The exceptional sound quality of the Silver Statement instantly dispenses with the industry-wide claim that a massive metal chassis is a necessity to achieving superior sound. The Silver Statement isn’t close to the brick-like, stolid appearance and feel of many preamps. It is not quite brittle, but it is delicate. Thankfully, it is shipped in a hardboard-reinforced double box so that it will not suffer the deleterious effects of shipping. The plastic threaded footers and light acrylic lid call for careful handling; if you were to drop it, the housing would likely shatter or at the least crack clean through. On the other hand, it weighs about 1/3 of a preamp housed in a heavy metal case. If you thought that plastic boxes with electronics couldn’t sound good, you would be converted after hearing the Silver Statement! Its performance flies in the face of convention, and fairly shouts, “It’s the circuitry, stupid!” Hearing a device like the Silver Statement convinces me that the efficacy of a component lies perhaps less than 1% in the housing and more than 99% in the circuitry.

The POWER button, the only feature on the power supply’s face, sits centrally located on the bottom unit, while the top unit is a study in ambiguous LEDs. I am not crazy about the controls and indicators on the face of the Silver Statement. At the left are the DISPLAY and MUTE buttons with corresponding LEDs. In the middle are twin Left and Right digital readouts with the volume control in between befitting a Dual Mono design with balance control; nothing out of place with that. It is the right side controls which could use improvement. Intermittent buttons and LEDs for functions 1 through 6 for the INPUTS caused me to regularly refer to my notes to see which input was selected and if it was in phase or out of phase. For the longest time, I thought that input 4 had a burned out blue LED when, in fact, I had inadvertently depressed the phase button and it was operating in inverted phase. These buttons should be reworked to remove confusion about their operation.

The rear of the unit is tidy, with Inputs 1-3 XLR and 4-6 RCA, all on the left side of the unit. On the right are outputs 1-2 XLR and 3-4 RCA. A thinner silver plated copper umbilical connects the two chasses. In discussing the power supply Joe Jurzek, one half of the Purity Audio Design team along with chief designer Bill Baker, admitted that the Remote Power On/Off switch is redundant and will be eliminated going forward. When the unit is plugged in, the line stage remains powered up even when the power supply is turned off. The tubes are used supposedly at an extremely low voltage and will last several years.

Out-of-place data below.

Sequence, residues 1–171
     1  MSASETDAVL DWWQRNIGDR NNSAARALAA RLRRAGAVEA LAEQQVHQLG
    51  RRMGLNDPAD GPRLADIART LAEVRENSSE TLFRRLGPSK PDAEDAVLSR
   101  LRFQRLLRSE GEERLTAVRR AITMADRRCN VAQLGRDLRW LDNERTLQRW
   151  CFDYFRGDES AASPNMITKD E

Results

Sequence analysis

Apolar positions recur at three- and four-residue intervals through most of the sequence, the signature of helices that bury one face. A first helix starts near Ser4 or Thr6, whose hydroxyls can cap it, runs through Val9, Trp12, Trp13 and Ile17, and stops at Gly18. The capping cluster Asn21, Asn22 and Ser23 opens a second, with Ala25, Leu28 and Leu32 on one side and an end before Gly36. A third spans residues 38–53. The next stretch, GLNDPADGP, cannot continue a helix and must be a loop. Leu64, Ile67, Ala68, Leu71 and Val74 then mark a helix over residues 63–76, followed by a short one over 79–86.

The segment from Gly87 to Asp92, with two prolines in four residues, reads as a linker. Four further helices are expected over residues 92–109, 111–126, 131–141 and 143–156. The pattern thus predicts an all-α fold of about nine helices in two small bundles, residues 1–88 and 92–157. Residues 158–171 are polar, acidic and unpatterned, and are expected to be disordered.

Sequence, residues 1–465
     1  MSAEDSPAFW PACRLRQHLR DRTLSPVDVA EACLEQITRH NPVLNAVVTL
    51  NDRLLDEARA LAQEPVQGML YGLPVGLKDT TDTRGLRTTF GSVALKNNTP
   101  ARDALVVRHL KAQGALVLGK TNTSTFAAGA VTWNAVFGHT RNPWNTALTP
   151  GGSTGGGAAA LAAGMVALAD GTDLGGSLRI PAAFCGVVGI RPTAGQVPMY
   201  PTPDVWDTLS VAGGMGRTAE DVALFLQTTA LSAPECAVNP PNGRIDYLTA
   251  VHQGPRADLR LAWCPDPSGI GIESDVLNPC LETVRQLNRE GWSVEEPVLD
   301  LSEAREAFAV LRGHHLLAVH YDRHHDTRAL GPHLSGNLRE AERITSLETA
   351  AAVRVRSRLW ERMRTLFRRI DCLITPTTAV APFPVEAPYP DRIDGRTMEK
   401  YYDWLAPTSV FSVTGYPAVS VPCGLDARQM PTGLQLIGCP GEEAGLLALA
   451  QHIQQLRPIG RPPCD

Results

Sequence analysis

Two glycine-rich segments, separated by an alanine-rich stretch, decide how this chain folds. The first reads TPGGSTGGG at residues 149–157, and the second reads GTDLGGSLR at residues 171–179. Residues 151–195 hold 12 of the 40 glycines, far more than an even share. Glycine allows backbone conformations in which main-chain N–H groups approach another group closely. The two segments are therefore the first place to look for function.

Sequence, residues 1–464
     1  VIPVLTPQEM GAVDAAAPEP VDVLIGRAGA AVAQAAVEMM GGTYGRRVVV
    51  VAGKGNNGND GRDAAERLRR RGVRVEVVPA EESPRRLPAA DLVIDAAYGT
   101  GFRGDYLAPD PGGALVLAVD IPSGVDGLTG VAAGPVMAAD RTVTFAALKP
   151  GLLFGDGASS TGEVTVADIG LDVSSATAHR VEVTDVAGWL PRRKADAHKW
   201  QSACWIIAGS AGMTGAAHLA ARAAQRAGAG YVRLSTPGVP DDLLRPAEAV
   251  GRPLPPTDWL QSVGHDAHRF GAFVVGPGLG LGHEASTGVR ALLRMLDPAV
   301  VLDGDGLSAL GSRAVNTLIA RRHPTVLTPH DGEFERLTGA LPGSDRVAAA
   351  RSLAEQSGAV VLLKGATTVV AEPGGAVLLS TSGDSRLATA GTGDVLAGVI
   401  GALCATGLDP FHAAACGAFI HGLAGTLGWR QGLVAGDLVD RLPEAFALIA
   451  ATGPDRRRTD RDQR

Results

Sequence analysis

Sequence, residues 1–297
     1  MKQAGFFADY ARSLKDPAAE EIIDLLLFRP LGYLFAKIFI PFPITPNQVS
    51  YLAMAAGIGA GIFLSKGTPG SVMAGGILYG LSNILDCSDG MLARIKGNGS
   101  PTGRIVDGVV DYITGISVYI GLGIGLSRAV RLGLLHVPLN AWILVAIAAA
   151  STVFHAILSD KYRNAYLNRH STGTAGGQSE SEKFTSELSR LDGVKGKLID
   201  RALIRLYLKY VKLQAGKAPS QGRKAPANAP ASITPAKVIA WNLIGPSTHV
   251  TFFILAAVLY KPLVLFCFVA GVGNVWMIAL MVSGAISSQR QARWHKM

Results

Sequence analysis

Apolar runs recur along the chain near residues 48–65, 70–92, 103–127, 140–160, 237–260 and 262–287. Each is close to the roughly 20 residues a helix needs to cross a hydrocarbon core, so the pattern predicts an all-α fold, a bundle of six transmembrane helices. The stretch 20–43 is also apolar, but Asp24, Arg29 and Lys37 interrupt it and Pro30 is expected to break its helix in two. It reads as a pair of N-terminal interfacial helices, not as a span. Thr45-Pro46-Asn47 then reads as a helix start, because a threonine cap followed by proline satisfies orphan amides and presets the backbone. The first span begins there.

The inside of the unit – I looked into the linestage main-chassis only – struck me less as an electronic device and more like a commissioned piece of modern art. In place of the typical PVC circuit board was a sheet of copper, upon which sat in the foreground a pair of Westinghouse 12AU7 tubes running at 3mV, and behind them giant “Purity Caps.” It is one of the few minimalist design efforts I have seen which also has elegance.

One sees, and hears, instantly that parts quality and minimum interference with the signal is the methodology of Purity. A glance at the Purity website shows a product replete with top quality internal components: silver Bybee Purifiers, silver Teflon wiring throughout the signal path, Teflon tube sockets, silver plated power supply, and all-autoformer level control. As for the Bybee Purifiers, I had never used them prior independently or in any device, but this component convinces me that they are capable of being integrated into an outstanding design. There are some serious goodies packed into this tub-O-sound!

Here, however, is where the tub analogy breaks down completely; this is not a tubby preamp, it’s a stealth warship! I have laid hands on no preamplifier regardless of price which is capable of such a pure sound. There is no electronic overburden, no perceived dynamic lagging, no smearing or smudging of the signal, no colorizing or polarizing (as with sunglasses) standing in the way of the music; the Silver Statement is clean and clear, and clearly top quality sounding. When I reviewed the Clarity Cables I concluded they were aptly named, as they sound clear. Similarly, I conclude that the brand name of the silver statement, Purity Audio Design, is more than a come on, for it does sound tremendously pure.